Merritt ran the race of his life that night in China. He still doesn’t know how. Liu Xiang, the 2004 Olympic gold medalist in the event who is now retired, introduced the participants at the start of the race. After, when he told the crowd about Merritt’s illness and what lay ahead, the fans roared. Merritt drew energy from that moment. A poor start led to technical perfection. Three steps between each of the hurdles, as evermore. Merritt is not powerful, like countryman David Oliver, but he has a feathery quickness between the barriers. He leaned at the finish, third behind Sergey Shubenkov of Russia and Hansle Parchment of Jamaica, winner of the bronze medal. Merritt’s time of 13.04 was the fastest time he had run since his world record nearly three years earlier.

Dr. Leslie Thomas, a nephrologist at the Mayo Clinic, has been Merritt’s primary specialist since the fall of 2013, and has borne witness to each of Merritt’s highs and lows. “I have to go back to last year at those world championships,” says Thomas. “He had almost no kidney function, terribly anemic, running against the Chinese fog or smog, and he came in third! Don’t you think that’s amazing? I mean, that’s, like, crazy.”

When the race was over and all the emotional interviews were finished, Merritt went back to his hotel room. He would fly the next day back to Phoenix, “terrified,” of the transplant surgery ahead. He says he fell onto the bed, utterly spent. “I was like, `Thank you god, you pulled it off,”’ says Merritt. “Now I can not run again, because I did something huge. I thought I wasn’t going to be able to run again, really. And I said okay, I’m okay with that.”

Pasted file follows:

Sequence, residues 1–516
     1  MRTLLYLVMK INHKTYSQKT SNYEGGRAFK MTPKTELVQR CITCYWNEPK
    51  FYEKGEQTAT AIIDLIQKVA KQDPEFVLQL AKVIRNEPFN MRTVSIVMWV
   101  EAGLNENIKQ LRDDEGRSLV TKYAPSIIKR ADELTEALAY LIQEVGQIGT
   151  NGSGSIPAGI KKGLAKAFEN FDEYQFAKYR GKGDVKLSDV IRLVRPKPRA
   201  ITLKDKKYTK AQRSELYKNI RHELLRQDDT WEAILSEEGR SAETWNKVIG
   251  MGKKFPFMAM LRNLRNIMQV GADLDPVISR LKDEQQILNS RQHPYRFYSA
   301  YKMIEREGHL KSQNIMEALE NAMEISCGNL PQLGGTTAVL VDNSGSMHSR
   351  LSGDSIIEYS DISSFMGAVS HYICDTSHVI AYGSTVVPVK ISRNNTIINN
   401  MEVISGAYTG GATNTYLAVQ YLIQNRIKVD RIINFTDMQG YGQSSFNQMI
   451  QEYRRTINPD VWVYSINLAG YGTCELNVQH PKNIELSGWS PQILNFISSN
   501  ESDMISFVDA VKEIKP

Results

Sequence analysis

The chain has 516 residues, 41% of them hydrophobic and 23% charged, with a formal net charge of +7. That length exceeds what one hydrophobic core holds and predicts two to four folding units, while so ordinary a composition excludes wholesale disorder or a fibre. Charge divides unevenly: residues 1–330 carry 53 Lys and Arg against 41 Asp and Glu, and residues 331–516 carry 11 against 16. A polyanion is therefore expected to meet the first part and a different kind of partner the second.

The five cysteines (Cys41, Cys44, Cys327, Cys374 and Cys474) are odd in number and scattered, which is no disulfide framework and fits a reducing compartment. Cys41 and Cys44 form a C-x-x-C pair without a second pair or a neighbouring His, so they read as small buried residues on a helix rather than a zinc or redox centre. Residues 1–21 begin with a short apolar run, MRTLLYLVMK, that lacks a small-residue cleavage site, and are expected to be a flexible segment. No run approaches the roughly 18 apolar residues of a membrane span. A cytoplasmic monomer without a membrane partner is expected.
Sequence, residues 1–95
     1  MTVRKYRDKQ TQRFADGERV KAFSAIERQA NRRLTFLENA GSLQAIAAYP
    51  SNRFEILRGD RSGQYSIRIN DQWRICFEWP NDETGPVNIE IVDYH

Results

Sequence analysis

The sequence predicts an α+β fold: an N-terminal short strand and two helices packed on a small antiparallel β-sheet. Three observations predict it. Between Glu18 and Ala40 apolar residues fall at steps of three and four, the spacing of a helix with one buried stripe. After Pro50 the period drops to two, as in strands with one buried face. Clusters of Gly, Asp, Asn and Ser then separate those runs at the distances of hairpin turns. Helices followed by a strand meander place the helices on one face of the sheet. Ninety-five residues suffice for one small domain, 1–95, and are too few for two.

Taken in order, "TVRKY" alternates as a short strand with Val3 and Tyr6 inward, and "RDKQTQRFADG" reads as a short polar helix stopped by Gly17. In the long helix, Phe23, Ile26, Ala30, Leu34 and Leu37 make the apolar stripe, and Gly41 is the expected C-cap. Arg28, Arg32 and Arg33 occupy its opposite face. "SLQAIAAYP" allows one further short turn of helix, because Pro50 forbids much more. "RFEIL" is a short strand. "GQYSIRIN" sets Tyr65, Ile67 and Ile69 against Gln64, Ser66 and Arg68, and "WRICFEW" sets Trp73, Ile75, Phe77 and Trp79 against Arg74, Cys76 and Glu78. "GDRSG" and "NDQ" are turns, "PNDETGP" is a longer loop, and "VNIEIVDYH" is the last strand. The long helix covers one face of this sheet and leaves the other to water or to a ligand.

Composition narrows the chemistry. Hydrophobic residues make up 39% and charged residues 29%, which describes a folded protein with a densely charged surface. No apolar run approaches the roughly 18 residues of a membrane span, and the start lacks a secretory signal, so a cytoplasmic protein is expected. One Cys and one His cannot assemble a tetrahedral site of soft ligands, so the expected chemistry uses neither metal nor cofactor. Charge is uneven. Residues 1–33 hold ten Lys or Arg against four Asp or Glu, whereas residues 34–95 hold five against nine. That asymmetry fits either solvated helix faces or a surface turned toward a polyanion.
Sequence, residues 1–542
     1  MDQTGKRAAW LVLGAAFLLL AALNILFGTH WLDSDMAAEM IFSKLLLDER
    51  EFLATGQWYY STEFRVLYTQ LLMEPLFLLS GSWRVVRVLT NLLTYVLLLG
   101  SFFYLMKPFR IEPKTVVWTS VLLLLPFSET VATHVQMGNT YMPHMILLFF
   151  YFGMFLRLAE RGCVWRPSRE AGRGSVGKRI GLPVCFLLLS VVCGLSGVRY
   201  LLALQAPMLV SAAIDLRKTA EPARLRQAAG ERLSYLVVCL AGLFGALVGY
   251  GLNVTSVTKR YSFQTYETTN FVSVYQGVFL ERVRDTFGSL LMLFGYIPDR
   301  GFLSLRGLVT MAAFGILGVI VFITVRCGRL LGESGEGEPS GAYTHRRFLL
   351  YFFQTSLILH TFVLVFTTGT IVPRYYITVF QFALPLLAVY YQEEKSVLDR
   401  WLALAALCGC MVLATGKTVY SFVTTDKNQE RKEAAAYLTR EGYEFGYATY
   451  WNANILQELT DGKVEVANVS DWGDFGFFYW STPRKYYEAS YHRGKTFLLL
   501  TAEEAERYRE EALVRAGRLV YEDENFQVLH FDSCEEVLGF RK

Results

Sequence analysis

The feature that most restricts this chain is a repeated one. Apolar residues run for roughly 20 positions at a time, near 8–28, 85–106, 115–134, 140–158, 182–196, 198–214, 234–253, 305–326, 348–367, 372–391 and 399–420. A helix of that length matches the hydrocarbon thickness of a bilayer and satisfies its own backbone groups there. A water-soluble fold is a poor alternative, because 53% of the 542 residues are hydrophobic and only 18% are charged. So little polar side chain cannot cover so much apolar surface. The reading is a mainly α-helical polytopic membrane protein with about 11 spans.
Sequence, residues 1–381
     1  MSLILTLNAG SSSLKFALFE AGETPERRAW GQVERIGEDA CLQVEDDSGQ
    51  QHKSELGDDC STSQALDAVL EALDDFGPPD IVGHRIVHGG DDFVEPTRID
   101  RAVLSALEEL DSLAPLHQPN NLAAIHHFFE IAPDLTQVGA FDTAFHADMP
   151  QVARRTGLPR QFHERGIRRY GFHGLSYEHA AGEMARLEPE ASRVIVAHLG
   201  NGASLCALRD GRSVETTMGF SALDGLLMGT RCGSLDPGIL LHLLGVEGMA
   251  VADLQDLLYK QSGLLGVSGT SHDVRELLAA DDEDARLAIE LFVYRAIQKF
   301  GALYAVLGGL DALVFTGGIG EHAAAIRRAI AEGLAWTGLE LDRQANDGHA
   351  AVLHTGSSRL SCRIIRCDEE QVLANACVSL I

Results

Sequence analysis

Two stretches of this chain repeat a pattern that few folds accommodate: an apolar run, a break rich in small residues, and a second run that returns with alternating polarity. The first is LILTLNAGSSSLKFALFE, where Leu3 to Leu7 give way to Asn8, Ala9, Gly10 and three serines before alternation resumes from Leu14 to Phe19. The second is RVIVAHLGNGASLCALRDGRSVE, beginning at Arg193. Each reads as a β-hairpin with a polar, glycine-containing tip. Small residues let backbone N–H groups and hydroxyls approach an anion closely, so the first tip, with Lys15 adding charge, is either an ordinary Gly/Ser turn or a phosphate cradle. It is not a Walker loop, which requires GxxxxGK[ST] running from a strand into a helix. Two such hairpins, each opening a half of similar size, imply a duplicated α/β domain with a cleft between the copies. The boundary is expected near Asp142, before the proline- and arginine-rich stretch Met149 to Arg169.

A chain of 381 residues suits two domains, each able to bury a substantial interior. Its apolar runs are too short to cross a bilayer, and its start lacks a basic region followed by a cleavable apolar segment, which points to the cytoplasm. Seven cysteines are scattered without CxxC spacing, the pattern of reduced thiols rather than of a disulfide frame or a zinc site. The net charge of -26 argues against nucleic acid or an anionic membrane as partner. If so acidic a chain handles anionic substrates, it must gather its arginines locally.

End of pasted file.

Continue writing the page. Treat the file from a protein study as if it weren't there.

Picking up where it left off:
With approximately 15% kidney function, Aries Merritt won bronze in the 110-meter hurdles at the track and field world championships in Beijing. Days later, he would undergo a kidney transplant.

With approximately 15% kidney function, Aries Merritt won bronze in the 110-meter hurdles at the track and field world championships in Beijing. Days later, he would undergo a kidney transplant.

It is a warm summer night in Eugene, a little past 9 p.m. and just now getting fully dark. Merritt is sitting in a hotel lobby, wearing a dark grey t-shirt on top of black sweats, legs all the way up to here, until at last his waist appears, just below his armpit. It is the perfect hurdler’s body. He is speaking with two reporters while his agent, Mark Wetmore, makes a Chipotle run for him. He begins the pursuit of his second Olympic team and defense of his gold medal Friday afternoon in the first round of the hurdles. He has not yet been sharp this season, and is lightly raced because the kidney transplant surgery (and a second surgery) delayed the start of serious training.

There is a thick, seven-inch long, backward J-shaped scar on the right side of Merritt’s abdomen, dropping from just below his sternum and then curling toward the middle of his belly. Underneath the scar is the kidney that LaToya gave him in the September 1 surgery, and which was moved deeper into his body cavity—shoved inside like stuffing in a Pooh bear—seven weeks later. Every time Merritt clears a hurdle he is reminded of the work done, as his trail (right) leg snaps forward and his thigh bangs against the wounded tissue on his right side. But it’s getting better. “It’s a numbing, tugging sensation,” says Merritt. “It’s discomfort. It does not feel good.” But it was sharp pain, previously. He will hit himself in the kidney 30 times in three rounds here. “It’s a lot,” he says.